Minnesota’s first openly transgender legislator elected

Leigh Finke in district 66a


Jesse Belen

Social Studies teacher Emily Rennhak owns a pride flag in her classroom C371. It shows support for Leigh Finke and the rest of the LGBT+ community.

Eligible voters went to local voting sites to cast their ballots on Election Day, Nov. 8. The people in district 66a — which consists of the cities St. Paul, Lauderdale, Falcon Heights and Roseville — elected Leigh Finke. The votes were counted and the majority of people voted for Leigh Finke, the first openly transgender female to serve as a Minnesota legislator. 

Legislator Leigh Finke said she has been into politics for a long time, which led to her recent campaign. 

“I’ve been into politics since college. My first deep dive into the activist space was protesting the Iraq War and I hung around that space for almost 20 years until I started getting into the DFL political world,” Finke said. 

Although Finke was not elected specifically in St. Louis Park, Park freshman Tess Machalek said she still feels the impact of having a transgender legislator represent Minnesota.

“Since I am part of the LGBTQ+ community, it is very important for me to feel represented in congress,” Machalek said.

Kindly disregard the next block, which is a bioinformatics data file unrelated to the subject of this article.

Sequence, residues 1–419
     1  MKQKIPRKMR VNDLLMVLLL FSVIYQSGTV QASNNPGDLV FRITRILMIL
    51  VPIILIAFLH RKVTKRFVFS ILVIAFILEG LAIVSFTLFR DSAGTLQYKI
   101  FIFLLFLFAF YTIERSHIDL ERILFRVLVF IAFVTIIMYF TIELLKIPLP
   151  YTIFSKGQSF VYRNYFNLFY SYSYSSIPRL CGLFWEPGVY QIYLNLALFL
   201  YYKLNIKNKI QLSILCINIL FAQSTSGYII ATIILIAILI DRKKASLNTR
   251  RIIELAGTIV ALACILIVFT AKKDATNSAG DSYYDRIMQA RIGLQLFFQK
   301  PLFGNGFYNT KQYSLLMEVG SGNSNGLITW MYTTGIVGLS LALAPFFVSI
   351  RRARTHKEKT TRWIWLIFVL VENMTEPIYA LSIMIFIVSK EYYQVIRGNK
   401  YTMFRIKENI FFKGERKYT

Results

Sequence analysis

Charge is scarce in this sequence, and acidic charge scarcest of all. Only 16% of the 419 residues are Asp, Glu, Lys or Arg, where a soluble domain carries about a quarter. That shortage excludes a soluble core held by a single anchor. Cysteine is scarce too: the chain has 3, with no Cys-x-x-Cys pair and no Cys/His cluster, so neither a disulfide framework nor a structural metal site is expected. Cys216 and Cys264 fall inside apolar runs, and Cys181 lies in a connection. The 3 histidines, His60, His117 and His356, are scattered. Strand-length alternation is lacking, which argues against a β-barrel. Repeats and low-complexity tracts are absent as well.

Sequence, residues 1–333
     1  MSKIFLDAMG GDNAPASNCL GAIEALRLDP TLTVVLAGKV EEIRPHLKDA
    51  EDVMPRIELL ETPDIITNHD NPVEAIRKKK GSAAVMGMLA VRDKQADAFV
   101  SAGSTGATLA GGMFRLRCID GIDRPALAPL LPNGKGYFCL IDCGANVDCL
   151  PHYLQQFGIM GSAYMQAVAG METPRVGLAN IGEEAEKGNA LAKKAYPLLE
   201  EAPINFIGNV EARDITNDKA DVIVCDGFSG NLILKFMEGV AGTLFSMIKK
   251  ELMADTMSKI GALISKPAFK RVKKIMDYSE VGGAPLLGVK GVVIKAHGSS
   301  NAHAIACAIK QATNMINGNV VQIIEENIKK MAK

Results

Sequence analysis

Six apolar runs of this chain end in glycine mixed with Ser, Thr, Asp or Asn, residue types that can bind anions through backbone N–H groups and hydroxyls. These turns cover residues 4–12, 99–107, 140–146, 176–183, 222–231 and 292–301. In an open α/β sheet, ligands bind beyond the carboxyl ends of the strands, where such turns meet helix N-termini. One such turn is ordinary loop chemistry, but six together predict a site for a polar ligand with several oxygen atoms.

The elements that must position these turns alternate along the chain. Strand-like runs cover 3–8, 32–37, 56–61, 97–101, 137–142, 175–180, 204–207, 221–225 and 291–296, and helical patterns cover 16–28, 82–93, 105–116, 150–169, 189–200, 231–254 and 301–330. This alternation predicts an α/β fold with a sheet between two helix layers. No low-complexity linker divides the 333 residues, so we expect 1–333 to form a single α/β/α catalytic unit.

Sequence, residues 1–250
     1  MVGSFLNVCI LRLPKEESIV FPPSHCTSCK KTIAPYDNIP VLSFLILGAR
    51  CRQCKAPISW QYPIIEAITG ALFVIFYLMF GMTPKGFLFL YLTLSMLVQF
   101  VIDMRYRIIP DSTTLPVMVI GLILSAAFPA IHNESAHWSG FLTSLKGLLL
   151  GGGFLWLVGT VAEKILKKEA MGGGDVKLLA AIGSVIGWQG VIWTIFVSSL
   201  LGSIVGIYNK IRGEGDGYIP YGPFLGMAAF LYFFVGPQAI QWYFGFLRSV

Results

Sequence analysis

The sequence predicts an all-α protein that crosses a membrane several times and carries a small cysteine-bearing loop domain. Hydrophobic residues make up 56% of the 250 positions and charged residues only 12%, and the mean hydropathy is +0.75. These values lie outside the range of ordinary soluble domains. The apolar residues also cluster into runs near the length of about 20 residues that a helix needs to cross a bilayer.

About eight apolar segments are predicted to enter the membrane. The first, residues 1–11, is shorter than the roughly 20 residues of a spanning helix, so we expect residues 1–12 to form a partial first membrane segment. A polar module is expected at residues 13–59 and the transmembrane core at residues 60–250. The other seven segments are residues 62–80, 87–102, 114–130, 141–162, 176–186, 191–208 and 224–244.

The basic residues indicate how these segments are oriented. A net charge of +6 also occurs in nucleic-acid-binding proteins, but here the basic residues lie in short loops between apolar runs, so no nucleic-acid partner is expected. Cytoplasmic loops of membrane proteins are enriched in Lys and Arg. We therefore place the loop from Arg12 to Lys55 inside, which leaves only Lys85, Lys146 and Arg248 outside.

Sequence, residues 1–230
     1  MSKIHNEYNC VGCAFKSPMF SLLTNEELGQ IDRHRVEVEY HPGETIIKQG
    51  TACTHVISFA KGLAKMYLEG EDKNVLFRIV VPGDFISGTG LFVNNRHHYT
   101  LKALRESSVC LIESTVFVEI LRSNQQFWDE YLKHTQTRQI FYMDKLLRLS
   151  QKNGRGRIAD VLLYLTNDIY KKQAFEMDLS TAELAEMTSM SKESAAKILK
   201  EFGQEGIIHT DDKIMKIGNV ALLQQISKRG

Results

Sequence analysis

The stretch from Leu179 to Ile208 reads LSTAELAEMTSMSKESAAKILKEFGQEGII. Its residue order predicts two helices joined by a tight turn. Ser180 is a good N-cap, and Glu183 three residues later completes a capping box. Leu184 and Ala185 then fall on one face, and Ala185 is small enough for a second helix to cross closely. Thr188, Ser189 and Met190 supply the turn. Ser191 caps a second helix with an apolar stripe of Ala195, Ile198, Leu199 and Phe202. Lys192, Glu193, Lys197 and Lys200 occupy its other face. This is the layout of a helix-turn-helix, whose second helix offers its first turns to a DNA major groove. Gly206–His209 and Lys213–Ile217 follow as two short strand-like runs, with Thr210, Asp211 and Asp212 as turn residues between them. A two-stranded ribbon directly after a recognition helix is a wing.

Social Studies teacher Emily Rennhak talks about how this representation means a lot to her due to the current contentions on reproductive rights. 

“As a woman and as somebody that is queer, its really cool to see representation in legislation. I feel as though she’s somebody who is going to fight for reproductive rights that are on the line in this current election season,” Rennhak said. 

On her website, Finke says that she will fight for reproductive rights, along with racial justice, LGBTQ+ rights and more. She also said she feels strongly about mental health, education after Covid, public safety and more. 

Machalek said she hopes to see Finke follow through with some of those campaigns.

“I hope that she will fulfill her campaign promises, like protecting women’s rights, protecting LGBTQ+ rights, improving public schools and changing our public safety system,” Machalek said.

Rennhak said this marks a milestone for today’s youth. 

“She’s a role model because she’s fighting for equity on all fronts, which is important,” Rennhak said. 

Finke said this new transgender representation is not only vital for Minnesota, but for the rest of the United States as well. 

“I ran because I thought it was essential to get trans representation into our government, especially as a national coordinated Anti-Trans movement in the United States continues to ramp up and be successful,” Finke said.